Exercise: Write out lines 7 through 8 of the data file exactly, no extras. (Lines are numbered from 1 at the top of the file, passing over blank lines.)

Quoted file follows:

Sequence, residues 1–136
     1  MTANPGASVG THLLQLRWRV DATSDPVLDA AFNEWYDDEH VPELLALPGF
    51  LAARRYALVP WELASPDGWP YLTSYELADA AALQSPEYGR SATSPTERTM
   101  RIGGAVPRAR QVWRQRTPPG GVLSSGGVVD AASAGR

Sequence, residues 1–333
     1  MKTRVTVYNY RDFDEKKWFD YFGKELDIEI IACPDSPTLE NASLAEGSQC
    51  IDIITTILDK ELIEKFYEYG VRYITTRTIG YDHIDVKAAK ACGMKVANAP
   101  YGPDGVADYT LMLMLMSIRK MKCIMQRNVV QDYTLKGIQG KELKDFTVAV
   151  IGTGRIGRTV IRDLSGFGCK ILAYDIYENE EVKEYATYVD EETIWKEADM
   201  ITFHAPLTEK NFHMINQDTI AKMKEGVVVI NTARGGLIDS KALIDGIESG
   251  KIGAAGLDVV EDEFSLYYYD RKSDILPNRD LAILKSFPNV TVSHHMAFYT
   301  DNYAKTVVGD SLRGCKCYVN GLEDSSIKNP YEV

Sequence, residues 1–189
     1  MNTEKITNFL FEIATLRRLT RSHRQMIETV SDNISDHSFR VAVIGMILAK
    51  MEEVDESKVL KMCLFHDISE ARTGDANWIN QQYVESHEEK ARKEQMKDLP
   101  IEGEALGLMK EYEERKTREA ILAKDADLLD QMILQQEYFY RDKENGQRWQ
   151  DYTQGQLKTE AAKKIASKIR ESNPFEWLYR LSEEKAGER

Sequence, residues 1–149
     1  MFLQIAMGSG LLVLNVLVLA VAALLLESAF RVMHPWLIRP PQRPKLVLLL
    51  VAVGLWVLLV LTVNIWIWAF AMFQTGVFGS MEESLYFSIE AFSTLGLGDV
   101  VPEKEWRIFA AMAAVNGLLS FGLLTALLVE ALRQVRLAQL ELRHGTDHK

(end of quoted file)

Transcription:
    51  IDIITTILDK ELIEKFYEYG VRYITTRTIG YDHIDVKAAK ACGMKVANAP
   101  YGPDGVADYT LMLMLMSIRK MKCIMQRNVV QDYTLKGIQG KELKDFTVAV